Most appraisers utilize dedicated commercial business appraisal software in their valuation process, with some even developing their own tools.

For those aiming to sell their business, it can be challenging to find appraisers using software crafted for that purpose.

Regrettably, the outputs from many valuation software tools are densely technical, rendering them less valuable for business owners seeking to sell.

Before engaging a business appraiser, we suggest requesting a sample report. Review it and gauge its comprehensibility. If it’s unclear, consider alternative options unless the appraisal is solely intended for legal proceedings.

The Third-Party Valuation Myth

While business brokers frequently suggest third-party valuations, this is more common among brokers rather than M&A intermediaries. This recommendation often serves their interest, allowing them to sell valuations at a significant markup without necessitating the intricate appraisal expertise.

Within franchised business broker networks, it’s a standard practice to encourage franchisees to sell third-party appraisals, often marking them up by 200% to 500%. Yet, the drawback of such appraisals lies in the limited direct interaction with the appraiser. Consequently, our recommendation tends to steer away from third-party appraisals.

A Valuation is One Person’s Opinion

When you seek a business valuation, remember that you’re securing a professional perspective, an informed opinion rather than an absolute decree.

This valuation isn’t an unchanging truth; it’s a snapshot of value within a specific timeframe and present market conditions. It’s rooted in their grasp of your business, always considering a hypothetical buyer.

Marketplace Realities

Unlike the streamlined markets of real estate and stocks, the domain of small and mid-sized business sales is inherently inefficient. This contrast yields a broader spectrum of prices.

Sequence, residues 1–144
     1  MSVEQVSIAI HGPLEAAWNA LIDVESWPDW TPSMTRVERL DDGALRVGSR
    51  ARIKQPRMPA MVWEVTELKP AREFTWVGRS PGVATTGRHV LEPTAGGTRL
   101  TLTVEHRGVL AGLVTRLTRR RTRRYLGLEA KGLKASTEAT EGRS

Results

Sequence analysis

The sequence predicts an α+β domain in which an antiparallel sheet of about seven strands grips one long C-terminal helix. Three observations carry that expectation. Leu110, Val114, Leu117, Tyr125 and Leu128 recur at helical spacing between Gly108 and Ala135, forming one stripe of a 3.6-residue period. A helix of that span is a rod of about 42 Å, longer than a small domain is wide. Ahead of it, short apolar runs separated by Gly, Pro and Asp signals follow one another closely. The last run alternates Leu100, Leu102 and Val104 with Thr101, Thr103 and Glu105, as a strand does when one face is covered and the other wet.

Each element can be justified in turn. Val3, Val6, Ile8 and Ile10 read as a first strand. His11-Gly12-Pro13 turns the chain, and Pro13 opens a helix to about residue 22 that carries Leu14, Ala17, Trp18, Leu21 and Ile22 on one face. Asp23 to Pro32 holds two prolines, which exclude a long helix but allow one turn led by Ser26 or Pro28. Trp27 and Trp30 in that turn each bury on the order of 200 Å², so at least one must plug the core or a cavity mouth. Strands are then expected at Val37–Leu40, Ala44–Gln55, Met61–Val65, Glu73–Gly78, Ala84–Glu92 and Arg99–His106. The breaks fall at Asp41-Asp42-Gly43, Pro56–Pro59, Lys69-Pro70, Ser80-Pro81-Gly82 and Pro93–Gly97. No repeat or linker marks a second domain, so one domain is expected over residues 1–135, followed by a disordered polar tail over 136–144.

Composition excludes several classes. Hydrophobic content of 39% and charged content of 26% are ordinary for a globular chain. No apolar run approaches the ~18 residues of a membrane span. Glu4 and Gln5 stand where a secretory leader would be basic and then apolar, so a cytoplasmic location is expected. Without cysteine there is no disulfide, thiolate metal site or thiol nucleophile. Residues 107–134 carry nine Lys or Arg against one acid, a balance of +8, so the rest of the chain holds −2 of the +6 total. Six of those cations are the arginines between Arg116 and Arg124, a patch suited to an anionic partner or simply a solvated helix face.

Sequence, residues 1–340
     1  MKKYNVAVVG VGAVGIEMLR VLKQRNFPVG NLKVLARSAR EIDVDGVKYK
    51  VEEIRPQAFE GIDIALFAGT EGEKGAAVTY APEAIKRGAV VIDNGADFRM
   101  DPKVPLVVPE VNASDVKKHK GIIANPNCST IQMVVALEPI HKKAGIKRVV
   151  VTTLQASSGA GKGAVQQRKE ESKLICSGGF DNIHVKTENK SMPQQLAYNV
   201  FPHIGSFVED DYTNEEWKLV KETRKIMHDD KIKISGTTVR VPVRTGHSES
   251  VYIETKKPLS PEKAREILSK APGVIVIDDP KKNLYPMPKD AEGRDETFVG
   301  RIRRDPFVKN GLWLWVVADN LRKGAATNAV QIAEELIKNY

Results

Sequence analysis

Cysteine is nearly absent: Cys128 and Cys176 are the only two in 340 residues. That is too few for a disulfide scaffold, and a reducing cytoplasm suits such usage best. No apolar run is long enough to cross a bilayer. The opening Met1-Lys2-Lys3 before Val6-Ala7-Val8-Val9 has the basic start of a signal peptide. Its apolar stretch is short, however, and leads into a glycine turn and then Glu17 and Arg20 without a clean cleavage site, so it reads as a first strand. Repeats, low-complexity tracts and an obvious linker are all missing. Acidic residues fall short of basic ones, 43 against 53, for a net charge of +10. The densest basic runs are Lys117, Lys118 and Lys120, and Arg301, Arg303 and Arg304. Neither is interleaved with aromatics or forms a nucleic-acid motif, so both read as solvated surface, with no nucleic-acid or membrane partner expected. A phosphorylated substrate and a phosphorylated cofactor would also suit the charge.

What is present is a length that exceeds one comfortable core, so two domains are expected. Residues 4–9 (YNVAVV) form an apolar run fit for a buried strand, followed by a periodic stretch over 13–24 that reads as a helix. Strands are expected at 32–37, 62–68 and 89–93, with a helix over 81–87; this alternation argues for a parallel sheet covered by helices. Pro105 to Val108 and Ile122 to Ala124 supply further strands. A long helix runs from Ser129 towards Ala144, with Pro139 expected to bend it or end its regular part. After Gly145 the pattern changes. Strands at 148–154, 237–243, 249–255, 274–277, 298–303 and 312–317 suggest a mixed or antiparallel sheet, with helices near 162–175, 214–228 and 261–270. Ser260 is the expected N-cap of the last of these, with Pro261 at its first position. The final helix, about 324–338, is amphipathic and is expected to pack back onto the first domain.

As a result, values fluctuate significantly over time. Thus, both the market and the methodology for selling your business can wield substantial influence over the eventual selling price.

Do Buyers Follow Valuations?

Buyer actions don’t always conform to valuations. An appraisal is an endeavor to gauge what an imaginary third party might offer for your business, taking into account the present economic climate, your business’s status, and the appraiser’s personal assessment of its risk and growth prospects.

This task is intricate, particularly when potential buyers for your business lack sophistication, resulting in a diversity of viewpoints unlike more refined buyers. Although predicting the behavior of sophisticated individuals is more challenging than predicting that of unsophisticated ones, buyer opinions are diverse—hence, there is no single “typical” buyer.

Process for Valuing a Business

Data Gathering

The majority of appraisals commence by examining three to five years’ worth of your profit and loss statements and balance sheets, accompanied by a company questionnaire. This data collection phase might be time-consuming for you (though CPAs tend to find it quite interesting), as it entails amassing a substantial volume of financial and operational details about your company.

Analyze & Normalize Financials

Upon acquiring this information, the appraiser proceeds to normalize or adjust your financial statements. This pivotal phase entails fine-tuning your financial statements to compute SDE or EBITDA, enabling a direct comparison of your business with others in your industry.

Additional Questions

During this process, effective communication with the appraiser is crucial, and your active participation greatly influences the accuracy of the appraisal. Feel free to ask questions whenever needed.

Compile the Report

Upon finalizing this stage, the appraiser proceeds to assemble the report using the data you’ve provided, along with industry-specific insights and information already gathered by the appraiser.

Average Price of a Valuation – Our Research Based on 44 Companies

We conducted a survey of 44 professionals including business brokers, M&A intermediaries, investment bankers, business appraisers, and CPAs. We inquired about their fees for appraising a small manufacturing company with annual revenue between $5 million and $10 million.

Here are the findings:

Business Brokers

Here is a summary of the responses:

  • Company #1 – Business Broker & Appraiser: Suggested a “Broker Opinion of Value” without specifying a price.
  • Company #2 – Business Broker, M&A Intermediary: Quoted $10,000 for a valuation.
  • Company #3 – Business Broker, M&A Intermediary: Advised a third-party valuation at $4,000.
  • Company #4 – Business Broker, M&A Intermediary: Priced their business valuation at $2,500.
  • Company #5 – Business Broker, M&A Intermediary: Provided a range of $3,000 to $5,000 for an appraisal.
  • Company #6 – Business Broker, M&A Intermediary: Offered a written opinion for $950 or a formal appraisal for $2,500.
  • Company #7 – Business Broker, M&A Intermediary: Presented a valuation cost between $950 and $2,500.